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Impact of screening and early detection of impaired fasting glucose tolerance and type 2 diabetes in Canada: a Markov model simulation

Authors Mortaz, Wessman, Duncan, Gray, Badawi A

Received 4 February 2012

Accepted for publication 5 March 2012

Published 10 April 2012 Volume 2012:4 Pages 91—97


Review by Single-blind

Peer reviewer comments 2

Soroush Mortaz*, Christine Wessman*, Ross Duncan, Rachel Gray, Alaa Badawi

Office of Biotechnology Genomics and Population Health, Public Health Agency of Canada, Toronto, Ontario, Canada

*Both authors contributed equally to this work

Background: Type 2 diabetes mellitus (T2DM) is a major global health problem. An estimated 20%–50% of diabetic subjects in Canada are currently undiagnosed, and around 20%–30% have already developed complications. Screening for high blood glucose levels can identify people with prediabetic conditions and permit introduction of timely and effective prevention. This study examines the benefit of screening for impaired fasting glucose (IFG) and T2DM. If intervention is introduced at this prediabetic stage, it can be most effective in delaying the onset and complications of T2DM.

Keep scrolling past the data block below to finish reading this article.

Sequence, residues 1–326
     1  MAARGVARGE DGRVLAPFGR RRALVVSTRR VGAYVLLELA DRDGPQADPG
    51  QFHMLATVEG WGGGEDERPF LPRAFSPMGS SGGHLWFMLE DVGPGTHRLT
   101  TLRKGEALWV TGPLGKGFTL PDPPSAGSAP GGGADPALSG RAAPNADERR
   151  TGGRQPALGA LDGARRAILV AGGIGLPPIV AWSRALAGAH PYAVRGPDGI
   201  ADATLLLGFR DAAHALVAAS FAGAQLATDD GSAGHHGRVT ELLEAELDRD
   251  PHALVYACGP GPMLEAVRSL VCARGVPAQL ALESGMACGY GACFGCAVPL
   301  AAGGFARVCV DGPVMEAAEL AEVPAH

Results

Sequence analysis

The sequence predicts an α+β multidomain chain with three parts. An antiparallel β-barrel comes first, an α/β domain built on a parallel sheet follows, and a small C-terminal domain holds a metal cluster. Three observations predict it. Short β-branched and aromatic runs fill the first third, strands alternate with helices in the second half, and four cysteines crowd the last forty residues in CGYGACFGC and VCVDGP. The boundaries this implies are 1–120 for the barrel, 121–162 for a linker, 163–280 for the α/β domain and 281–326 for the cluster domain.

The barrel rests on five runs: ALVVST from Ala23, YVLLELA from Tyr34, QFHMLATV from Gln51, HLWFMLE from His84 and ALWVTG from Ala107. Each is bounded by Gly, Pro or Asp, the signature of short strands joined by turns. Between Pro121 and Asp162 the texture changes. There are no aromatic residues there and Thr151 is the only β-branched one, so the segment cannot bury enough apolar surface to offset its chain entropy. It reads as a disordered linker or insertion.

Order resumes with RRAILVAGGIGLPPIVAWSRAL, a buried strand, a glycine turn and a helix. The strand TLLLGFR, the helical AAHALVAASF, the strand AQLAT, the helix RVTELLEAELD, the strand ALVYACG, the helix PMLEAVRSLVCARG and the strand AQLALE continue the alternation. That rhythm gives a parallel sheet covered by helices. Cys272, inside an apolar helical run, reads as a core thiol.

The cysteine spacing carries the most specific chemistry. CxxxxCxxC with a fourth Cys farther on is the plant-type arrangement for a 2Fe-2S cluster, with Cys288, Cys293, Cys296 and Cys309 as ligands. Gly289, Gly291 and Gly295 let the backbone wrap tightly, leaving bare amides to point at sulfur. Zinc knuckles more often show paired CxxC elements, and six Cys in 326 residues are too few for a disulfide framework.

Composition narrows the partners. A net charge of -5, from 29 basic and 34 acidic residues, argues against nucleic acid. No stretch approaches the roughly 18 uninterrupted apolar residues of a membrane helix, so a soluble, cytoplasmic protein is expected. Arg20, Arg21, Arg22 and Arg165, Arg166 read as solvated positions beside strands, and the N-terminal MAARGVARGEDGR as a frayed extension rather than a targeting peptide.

Methods: Using a Markov model simulation, we compare the cost-effectiveness of screening for prediabetes (IFG) and T2DM with the strategy of no screening. An initial cohort of normoglycemic, prediabetic, or undiagnosed diabetic adults with one or more T2DM risk factors was used to model the strategies mentioned over a 10-year period. Subjects without known prediabetes or diabetes are screened every 3 years and persons with prediabetes were tested for diabetes on an annual basis. The model weighs the increase in quality-adjusted life-years (QALYs) associated with early detection of prediabetes and earlier diagnosis of T2DM due to lifestyle intervention and early treatment in asymptomatic subjects.
Results: Costs for each QALY gained were $2281 for conventional screening compared with $2890 for no screening. Thus, in this base-case analysis, conventional screening with a frequency of once every 3 years was favored over no screening. Furthermore, conventional screening was more favorable compared with no screening over a wide range of willingness-to-pay thresholds. Changing the frequency of screening did not affect the overall results. Screening persons without diabetes or prediabetes on an annual basis had small effects on the cost-effectiveness ratios. Screening with a frequency of once every 5 years resulted in the lowest cost per QALY ($2117). Lack of screening costs the health care system $4812 more than the cost of screening once every 5 years.
Conclusion: The increased cost per QALY of not screening is due to the costs of complications caused downstream of T2DM. By ensuring that IFG screening occurs every 3 years for those without prediabetes and every year for those with prediabetes, the health and financial benefits related to T2DM are improved in Canada.

Keywords: type 2 diabetes, Markov model, economic analysis, cost-effectiveness, quality-adjusted life-years

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